ferent arts and crafts. In the middle of the floor gathered those who were not interested in manual expressions, but were interested in physical activity as it developed through folk dancing and ballet dancing. Those who were interested either in choral or solo singing assembled around the piano. Others were working on puppets, marionettes, wood and soap carving, painting, drawing, bookbinding, modelling, embroidering and crocheting. Out of this group a professional company of puppeteers was established which is still active and successful. Many children still continue these crafts and artistic interests in their homes. During that winter of 1935-36 a few public demonstrations were given before audiences of a few hundred people. Parents, teachers and community leaders all took part in the fascinating recreational project.

Recreation for Maladjusted Individuals

I have kept you waiting a long time to share with you my own experiences in the use of recreation as a special technique in solving emotional maladjustment. You will recognize that I have done this purposely so that all of us will focus our energies and talents on the use of recreation as an unrecognized tremendous force in the prevention of maladjustment. You will remember that I used as an illustration a moment ago both individual as well as group work with adolescents in this preventive sense. If we now think in terms of recreation as a remedy for already developed maladjustment, I would like to have you consider this principle that recreation as a technique in handling already developed maladjustment is the

At the recent International Labor Office Con-
ference, Harold Butler, its director, pled for a
shorter working week because of the need for
greater leisure and more sport. He urged that
the nervous strain caused by machines on the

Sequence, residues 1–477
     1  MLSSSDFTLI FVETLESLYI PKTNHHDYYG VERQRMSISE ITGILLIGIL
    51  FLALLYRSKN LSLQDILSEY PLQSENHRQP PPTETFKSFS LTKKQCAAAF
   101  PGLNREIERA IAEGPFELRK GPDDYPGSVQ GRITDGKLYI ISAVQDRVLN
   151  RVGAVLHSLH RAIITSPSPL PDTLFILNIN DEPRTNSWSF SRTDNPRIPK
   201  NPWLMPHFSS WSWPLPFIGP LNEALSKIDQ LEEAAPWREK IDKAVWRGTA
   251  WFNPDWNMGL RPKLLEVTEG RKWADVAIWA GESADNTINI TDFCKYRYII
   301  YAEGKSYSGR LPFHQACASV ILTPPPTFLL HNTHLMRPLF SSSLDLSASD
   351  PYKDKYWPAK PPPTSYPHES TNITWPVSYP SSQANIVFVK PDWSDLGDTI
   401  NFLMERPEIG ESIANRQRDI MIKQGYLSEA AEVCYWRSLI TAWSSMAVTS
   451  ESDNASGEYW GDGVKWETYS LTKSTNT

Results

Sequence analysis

human organism made this necessary. The nerv-
ous organism has been built up over tens of
thousands of years to meet conditions in which
no human being could move faster than a horse.
Now all this is changed. "England became the
first sporting country," Dr. Butler suggested,
"not because the English had a peculiar gift
for ball games, but because they were the first
to be called on to resist the impact of urban
industrialism. Sport is a substitute for physical
exercise which manual labor used to provide,
or which the eighteenth century merchant or
lawyer obtained by riding about his business on
horseback."-New York Times, June 15, 1937.

process of redirecting into creative and satisfying channels energies functioning in a disintegrating manner. I have a number of illustrations for you to consider in terms of not only the described situation but also in terms of the underlying concept.

I recall an individual who had to handle or touch everything that came within his sight. When there were not enough things around. him he began to annoy



"All of you here today are engaged in the
recreation field or in some allied area. Does
it sometimes occur to you that if we are to
believe in the value of creative personal ex-
perience for others we must enjoy these ex-
periences ourselves? How many of you here
today have experienced the personal glow of
recreating yourself through a minuet, an hour
at clay modelling, or an afternoon with paint
and brush and easel? I exhort you not only
on behalf of those you help professionally, but
on behalf of your own health, growth and hap-
piness, to embark immediately on the glorious
adventure of creative personal experiences
through recreation."-Dr. Altaraz.

and tease people. It occurred to me that plasteline and clay are interesting materials which human hands may handle, form, transform, mishandle, in a constructive way. It was pliable, plastic material. It gave in. And sure enough, as soon as this material was put into the hands of that individual, he discovered that there was such a thing as satisfying the desire to press, form and handle something without harm and injury, and with great personal satisfaction. This discovery of legitimate satisfaction of his own illegal impulses led this individual into many more forms of adjustment and re-education.

I remember another individual who loved to inflict pain either through his talk or by physical aggressiveness. Here wood-carving and hammering into metal with proper tools, carving satisfied his repressed emotions to such an extent that he ceased to continue his anti-social behavior.

The need to make faces, stick out one's tongue, and the displaying of deformities of the extremities suggest the fostering of fantastic or descriptive dancing. Dramatic interests and a desire to act may be another outlet for such evidences of maladjustment. We must recognize that by releasing through drama, pantomime, mimicry and comedy the surplus energy which is expressed in anti-social forms, we legalize the need and provide a stimulating, growing and satisfying reaction in the individual.